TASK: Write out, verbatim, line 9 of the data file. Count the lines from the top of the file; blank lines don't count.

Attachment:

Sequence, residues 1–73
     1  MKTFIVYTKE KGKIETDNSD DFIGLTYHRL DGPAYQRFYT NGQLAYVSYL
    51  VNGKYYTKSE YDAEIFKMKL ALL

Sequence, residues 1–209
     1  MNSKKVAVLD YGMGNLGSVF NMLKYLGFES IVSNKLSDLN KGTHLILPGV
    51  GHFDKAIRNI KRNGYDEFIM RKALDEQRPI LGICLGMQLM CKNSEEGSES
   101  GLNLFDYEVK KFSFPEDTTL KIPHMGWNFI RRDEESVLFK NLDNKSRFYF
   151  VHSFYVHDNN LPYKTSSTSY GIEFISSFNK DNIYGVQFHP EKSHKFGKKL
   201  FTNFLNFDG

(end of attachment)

   201  FTNFLNFDG